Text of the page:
Nobody’s going to suggest that ELEX is the most polished post-apocalyptic video game you will ever play, neither is it the most casual. Full of the customary bugs from Piranha Bytes, it’s a game that threatens to pull you out of the experience but never enough to prevent you from appreciate its weird charm. It’s not really like any other ARPG on the market.

When the population of Magnalan is wiped out by a comet, the survivors claw their way through the dark days and create tribes, the most powerful of all being the Albs. They harness the power of the titular ELEX and with you playing as an outcast Alb, it’s up to you to decide who you pair up with next.

If you can get through ELEX’s testing first ten or so hours, you may find a lot to love.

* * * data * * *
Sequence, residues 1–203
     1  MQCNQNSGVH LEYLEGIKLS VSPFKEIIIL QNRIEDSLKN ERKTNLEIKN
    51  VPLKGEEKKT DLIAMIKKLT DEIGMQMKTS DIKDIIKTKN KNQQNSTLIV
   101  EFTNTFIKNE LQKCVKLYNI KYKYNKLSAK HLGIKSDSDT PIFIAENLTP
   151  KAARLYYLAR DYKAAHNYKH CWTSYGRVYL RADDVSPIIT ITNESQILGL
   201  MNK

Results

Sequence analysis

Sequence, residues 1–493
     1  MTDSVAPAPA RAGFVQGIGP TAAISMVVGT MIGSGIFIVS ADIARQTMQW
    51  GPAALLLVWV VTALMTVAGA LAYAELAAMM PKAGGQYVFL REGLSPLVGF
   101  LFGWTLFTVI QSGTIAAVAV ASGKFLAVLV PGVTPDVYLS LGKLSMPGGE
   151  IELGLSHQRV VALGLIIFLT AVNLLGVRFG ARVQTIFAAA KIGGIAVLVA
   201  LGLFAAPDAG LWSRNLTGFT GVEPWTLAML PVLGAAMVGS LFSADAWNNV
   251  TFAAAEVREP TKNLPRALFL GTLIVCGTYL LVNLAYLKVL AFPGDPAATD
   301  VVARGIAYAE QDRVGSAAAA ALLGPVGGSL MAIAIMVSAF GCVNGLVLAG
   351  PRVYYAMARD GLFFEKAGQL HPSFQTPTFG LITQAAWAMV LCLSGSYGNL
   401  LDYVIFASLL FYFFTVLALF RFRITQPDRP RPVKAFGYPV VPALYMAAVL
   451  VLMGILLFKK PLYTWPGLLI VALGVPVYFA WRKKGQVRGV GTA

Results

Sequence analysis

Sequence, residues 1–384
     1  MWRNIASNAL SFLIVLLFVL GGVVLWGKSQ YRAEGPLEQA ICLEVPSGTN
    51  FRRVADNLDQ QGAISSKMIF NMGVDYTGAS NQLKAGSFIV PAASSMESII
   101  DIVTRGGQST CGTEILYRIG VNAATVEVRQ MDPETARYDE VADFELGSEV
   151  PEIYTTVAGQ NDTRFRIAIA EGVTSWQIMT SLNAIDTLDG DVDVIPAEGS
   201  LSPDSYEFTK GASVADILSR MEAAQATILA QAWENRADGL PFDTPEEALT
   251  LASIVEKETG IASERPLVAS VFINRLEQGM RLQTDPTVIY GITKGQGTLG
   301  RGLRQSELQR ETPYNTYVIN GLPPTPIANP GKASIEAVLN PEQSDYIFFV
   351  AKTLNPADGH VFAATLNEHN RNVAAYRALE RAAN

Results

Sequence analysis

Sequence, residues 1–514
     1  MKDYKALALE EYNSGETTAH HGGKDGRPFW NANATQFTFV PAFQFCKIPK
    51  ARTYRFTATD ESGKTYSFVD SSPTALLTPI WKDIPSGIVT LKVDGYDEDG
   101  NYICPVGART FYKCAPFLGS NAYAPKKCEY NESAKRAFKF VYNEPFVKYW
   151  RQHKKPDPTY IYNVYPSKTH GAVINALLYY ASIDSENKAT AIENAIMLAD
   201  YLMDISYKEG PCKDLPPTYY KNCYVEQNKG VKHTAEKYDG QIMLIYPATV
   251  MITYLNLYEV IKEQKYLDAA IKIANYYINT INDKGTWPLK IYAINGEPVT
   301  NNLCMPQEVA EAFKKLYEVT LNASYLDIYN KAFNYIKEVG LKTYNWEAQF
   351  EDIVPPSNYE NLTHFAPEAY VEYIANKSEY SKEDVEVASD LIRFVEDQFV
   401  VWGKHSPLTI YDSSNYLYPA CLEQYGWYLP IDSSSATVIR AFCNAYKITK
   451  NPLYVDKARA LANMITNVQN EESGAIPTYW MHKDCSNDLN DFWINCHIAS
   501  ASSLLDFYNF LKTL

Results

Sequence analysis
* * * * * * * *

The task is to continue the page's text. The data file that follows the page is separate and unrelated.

From our ELEX review:

“Bizarre and brazen but totally sincere, ELEX is a rough diamond that offers everything a hardcore RPG fan could want in a very rough and ready package.”

 

20. Sheltered

Sheltered game
Sheltered game

Developer: Unicube
Publisher:
Team17
Platform(s): PC, PS4, Xbox One, Switch
Players: Single-player

Fallout Shelter may be the first game that comes to mind when you see Sheltered in action, though Bethesda’s spin-off’s tone is far more irreverent and inconsequential. Sheltered, meanwhile, is grim and almost oppressive by comparison, constantly giving you and your family tests to survive in the post-apocalypse.

It’s also a far deeper game than Fallout Shelter, allowing you to scavenge in the wastes and take part in turn-based combat. You can make your own stories in Sheltered, so if that means you turn into an omnipotent patriarch, so be it.

Your family can be customised to be whatever and whoever you want them to be, but don’t get too attached: you never know when death will come in Sheltered.